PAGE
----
Ever wondered what the end of the world sounds like? Well I think we found it. The undeniably talented electronic masters behind the now defunct Labraford have returned with Anjou, their self-titled album and if you have any idea who Labraford are, you know what you are in for. For those not privy, well we urge to listen and listen deep, it may not be a comfortable ride but an experience all in all. Coming up for air, we deliver the return of Paolo Nutini, the soulful singer from Scotland who is doesn’t fail to deliver his take on deep soul. Mazes from the UK teamed up with Parquet Courts on their latest release and we track down the release of Tennis and wonder whether the hunt was worth its time as they offer an album of a full slice of dream pop.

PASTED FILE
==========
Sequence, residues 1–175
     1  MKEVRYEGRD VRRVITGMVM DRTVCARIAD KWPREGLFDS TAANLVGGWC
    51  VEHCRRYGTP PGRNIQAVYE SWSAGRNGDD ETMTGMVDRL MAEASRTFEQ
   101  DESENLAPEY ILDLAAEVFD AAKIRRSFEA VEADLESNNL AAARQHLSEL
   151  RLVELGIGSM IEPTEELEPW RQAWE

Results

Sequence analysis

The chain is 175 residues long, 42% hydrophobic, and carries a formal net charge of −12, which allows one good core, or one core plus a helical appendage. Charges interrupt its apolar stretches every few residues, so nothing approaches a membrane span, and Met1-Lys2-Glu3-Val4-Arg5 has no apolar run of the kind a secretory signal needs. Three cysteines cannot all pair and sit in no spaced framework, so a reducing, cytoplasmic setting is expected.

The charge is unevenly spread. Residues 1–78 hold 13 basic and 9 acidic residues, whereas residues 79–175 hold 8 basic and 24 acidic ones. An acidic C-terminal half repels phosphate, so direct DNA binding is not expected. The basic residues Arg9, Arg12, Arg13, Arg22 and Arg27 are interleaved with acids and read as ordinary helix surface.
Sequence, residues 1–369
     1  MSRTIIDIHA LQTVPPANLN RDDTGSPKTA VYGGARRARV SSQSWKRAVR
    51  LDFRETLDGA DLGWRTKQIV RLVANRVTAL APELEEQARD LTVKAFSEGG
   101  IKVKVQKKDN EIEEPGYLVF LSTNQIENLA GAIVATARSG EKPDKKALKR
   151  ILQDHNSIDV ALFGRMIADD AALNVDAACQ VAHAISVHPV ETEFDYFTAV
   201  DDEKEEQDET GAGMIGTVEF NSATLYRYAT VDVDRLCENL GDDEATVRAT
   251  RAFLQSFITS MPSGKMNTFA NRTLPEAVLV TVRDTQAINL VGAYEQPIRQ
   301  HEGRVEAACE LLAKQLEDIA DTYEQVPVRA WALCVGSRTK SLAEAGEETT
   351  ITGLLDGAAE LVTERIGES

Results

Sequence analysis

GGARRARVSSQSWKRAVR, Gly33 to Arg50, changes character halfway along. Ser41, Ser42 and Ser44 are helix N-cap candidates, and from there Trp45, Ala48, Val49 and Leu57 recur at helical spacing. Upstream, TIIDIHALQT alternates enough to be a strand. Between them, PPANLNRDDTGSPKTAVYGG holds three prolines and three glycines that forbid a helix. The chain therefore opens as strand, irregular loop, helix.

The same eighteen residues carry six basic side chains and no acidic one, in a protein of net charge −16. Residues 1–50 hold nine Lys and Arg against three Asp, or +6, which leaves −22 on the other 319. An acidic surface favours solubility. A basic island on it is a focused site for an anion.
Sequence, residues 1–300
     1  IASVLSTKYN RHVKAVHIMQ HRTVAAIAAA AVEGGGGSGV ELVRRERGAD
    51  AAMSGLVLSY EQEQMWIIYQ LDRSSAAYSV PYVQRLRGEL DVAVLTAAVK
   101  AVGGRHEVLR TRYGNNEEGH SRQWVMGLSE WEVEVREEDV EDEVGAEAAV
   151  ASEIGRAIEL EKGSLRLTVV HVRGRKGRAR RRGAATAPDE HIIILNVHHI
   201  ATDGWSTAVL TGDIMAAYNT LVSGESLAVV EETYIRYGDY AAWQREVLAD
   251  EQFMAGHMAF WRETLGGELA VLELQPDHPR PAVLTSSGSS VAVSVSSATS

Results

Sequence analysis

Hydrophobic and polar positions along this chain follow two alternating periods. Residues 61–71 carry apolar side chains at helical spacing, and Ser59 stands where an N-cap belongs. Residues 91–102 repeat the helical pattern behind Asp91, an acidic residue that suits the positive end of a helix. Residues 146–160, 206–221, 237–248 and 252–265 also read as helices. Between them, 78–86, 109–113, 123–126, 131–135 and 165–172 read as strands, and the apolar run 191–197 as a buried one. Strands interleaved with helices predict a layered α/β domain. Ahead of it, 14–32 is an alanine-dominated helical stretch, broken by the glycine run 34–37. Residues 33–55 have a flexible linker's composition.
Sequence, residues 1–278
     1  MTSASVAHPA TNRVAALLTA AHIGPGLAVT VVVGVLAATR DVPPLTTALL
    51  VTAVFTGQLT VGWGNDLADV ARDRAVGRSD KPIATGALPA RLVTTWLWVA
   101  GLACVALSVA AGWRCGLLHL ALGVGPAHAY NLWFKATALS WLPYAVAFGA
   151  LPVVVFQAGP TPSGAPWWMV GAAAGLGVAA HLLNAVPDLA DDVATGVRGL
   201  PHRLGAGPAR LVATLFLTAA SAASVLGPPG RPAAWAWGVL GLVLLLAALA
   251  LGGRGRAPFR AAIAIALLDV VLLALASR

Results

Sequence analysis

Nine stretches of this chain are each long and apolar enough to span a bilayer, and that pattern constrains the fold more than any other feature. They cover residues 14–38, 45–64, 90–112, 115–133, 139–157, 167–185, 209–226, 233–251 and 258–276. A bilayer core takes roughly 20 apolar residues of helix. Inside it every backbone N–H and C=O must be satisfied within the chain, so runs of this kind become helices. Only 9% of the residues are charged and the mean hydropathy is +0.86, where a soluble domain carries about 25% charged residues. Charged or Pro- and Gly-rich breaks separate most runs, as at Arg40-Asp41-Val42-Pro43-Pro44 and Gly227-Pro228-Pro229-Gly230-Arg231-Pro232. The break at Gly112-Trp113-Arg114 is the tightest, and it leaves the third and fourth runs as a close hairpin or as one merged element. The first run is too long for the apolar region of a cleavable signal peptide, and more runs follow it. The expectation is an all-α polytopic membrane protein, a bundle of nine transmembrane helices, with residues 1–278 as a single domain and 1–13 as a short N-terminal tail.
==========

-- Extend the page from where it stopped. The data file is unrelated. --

Album Title_ Anjou
Genre_Ambient, Experimental, Electronic, Avante Garde
Moments Of_Labraford, Boards of Canada
Stand Out_Sighting, Backsight
Four years in the making, the counterparts that formed that atmospherically vital sounds of Labraford who released their self-titled album Anjou under the established label Kranky Records. The result is an album of undulating atmospheric sounds, carefully layered and crafted to rolling frequencies and dreamy surreal instrumentation.